The fucking system is a shit hole. I always think about what they want and did you have the right to take me? All the time there’s a cool social worker and the move then I’m stuck with some shitty person. My baby twin sisters are one and there not even fed right. They have rings on there eye now and they lost weight. I’m starting to get violent I wanted to calm down but my therapist just made me want to beat the fuck out of him. Its like I’m staring at my parents trying to get me back and I tell them I want to go home but no. They act like a 13 year old boy has no fuckin rights. FUCK THE SYSTEM,little bitches

  • 6. cynthia sorrells  |  April 24, 2014 at 2:18 pm

    wow!! everything is so trueeee!!! omg people dont realize how true this is and thats scary and like they said “foster care is supposed to be safe” but i guess “safe” means living with psycos and sleeping with one eye open

  • 7. kitkat00  |  April 14, 2014 at 7:38 am

    Yeah I just like to say to you that this has really helped me cause I’m still in foster but it helps that other people know what I’m going through.
    Kate (12)

  • 8. kitkat00  |  April 14, 2014 at 7:36 am

    This is what I feel right now.:(

  • 9. carol  |  February 23, 2014 at 11:40 am

    hi everyone. i am new to fostering. i would like to ask you guys both in foster and fostering if you have any useful tips only know by experience. thank you to you all in advance. i want to be the BEST i can be.x

  • 10. Jesse Larabee  |  February 14, 2014 at 2:57 pm

    I was born in Timmins, Ontario on April 26, 1998.

    I lived in Timmins, Ontario until age 10 years old.

    At age 10 years old, my mother and I moved to Sudbury.

    I was a happy little boy.

    I was happy until I went into the Sudbury group homes and I was trafficked for profit.

    The CAS in Ontario may claim to be heros and may claim to protect kids but thats simply not always true.

    Who am I? My name is Jesse Larabee and I was born in Timmins, Ontario but was child trafficked in Sudbury, Ontario.


  • 11. Jesse Larabee from Timmins Ontario and Sudbury Ontario  |  February 14, 2014 at 12:28 pm

    Dave Fagon had two degrees and had worked in group homes for 15 years. He was a respected group home worker in the eyes of the other workers and society. He was a predator in the eyes of the group home kids. He started his social work career in around the year of 1998. He was charged with SEXUAL ASSAULT in 2012 after an incident in 2008 he was alleged to have fondled a female co – worker at a group home during the night shift. In 2013 he plead guilty to the lesser charge of assault.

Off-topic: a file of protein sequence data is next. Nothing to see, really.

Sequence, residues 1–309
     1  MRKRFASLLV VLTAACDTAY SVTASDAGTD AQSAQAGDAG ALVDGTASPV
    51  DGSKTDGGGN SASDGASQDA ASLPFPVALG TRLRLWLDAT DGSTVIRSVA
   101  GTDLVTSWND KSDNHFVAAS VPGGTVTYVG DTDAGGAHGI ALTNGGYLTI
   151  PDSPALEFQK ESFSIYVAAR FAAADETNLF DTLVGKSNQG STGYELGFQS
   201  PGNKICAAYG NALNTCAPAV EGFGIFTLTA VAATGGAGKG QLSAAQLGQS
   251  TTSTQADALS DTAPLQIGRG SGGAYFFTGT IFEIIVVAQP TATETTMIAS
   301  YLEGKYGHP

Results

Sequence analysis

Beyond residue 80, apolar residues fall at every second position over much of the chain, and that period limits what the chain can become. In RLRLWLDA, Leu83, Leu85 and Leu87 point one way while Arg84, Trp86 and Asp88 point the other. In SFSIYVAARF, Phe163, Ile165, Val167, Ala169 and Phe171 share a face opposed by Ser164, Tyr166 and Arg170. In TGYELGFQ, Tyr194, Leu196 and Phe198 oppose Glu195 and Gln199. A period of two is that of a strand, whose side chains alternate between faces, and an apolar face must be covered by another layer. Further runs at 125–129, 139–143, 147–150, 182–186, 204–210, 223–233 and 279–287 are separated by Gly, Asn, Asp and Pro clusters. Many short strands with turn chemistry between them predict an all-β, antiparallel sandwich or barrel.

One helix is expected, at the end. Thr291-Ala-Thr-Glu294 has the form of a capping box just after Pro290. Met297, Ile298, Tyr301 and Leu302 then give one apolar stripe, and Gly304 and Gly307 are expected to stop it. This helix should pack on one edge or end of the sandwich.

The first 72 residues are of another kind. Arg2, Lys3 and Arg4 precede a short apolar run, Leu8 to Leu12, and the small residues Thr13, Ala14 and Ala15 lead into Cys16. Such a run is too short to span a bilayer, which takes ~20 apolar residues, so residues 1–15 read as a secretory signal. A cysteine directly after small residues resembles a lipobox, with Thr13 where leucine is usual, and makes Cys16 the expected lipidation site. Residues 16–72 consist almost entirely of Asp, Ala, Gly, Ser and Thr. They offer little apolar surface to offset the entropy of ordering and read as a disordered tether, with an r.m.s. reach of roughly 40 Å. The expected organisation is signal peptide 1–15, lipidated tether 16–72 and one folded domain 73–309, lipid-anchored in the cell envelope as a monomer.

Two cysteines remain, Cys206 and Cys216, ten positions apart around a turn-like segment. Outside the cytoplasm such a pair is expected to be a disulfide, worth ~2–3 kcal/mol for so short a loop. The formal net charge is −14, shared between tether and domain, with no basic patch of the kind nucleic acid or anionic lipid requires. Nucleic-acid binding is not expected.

• 12. Jesse Larabee from Timmins Ontario and Sudbury Ontario  |  February 14, 2014 at 12:26 pm

    The foster care system is a human trafficking system NOT a child protection system. The system gets all this money from government and donations and their using it to protect themselves, not the kids. Their funding formula is based on how many kids they have in their “care”.

  • 13. Jesse Larabee from Timmins Ontario and Sudbury Ontario  |  February 14, 2014 at 12:24 pm

    My name is Jesse Larabee and I am a former foster child of the CAS in Ontario. I am also suing the government.

  • 14. alanamc  |  December 8, 2013 at 5:07 pm

    I just fount this page less than an hour ago and already I have found some answers that people that should know them have failed to answer for years. Keep posting!

  • 15. Karin L.  |  November 20, 2013 at 9:40 pm

    Hey I’m writing a paper for San Francisco State University (actually a business plan and accompanying website, report and fundraising plan) about the need for educational enrichment for foster kids throughout their education, and the potential for connecting foster kids to grants and scholarships. You bring up many of the points I found in my research and I’m wondering if you would tell me your story. You could be quoted in my paper if you like, or you could be anonymous, You can let me know by reply to this note, or email me at theedugrantinitiative (at) gmail (dot) com.

  • 16. Sarah Redecker Sarich  |  August 25, 2013 at 7:47 pm

    Sometimes it happens. When a kid plasters herself over my husband despite other people being in the room and he only feels safe when he is LOCKED in our bedroom, that kid needs to leave our house.

  • 17. Sarah Redecker Sarich  |  August 25, 2013 at 7:46 pm

    e) This one is almost us. One of our kids is up for adoption, but we don’t feel this is the right permanent home for her. (We are in this to foster, not adopt.) However, along with telling her case worker as soon as we knew this, we also made sure that her case worker knew that we wanted her to stay with us until that permanent home could be found. We can’t give her permanent stability, but we can give her that much.

    g) This used to be the case, but according to my training, the state finally realized that this was too harmful for the kids.

  • 18. Sarah Redecker Sarich  |  August 25, 2013 at 7:42 pm